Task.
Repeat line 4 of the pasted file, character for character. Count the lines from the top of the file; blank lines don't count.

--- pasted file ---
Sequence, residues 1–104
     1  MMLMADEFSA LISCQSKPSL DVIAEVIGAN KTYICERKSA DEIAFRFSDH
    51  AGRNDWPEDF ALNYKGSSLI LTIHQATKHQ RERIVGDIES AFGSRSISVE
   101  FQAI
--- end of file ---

   101  FQAI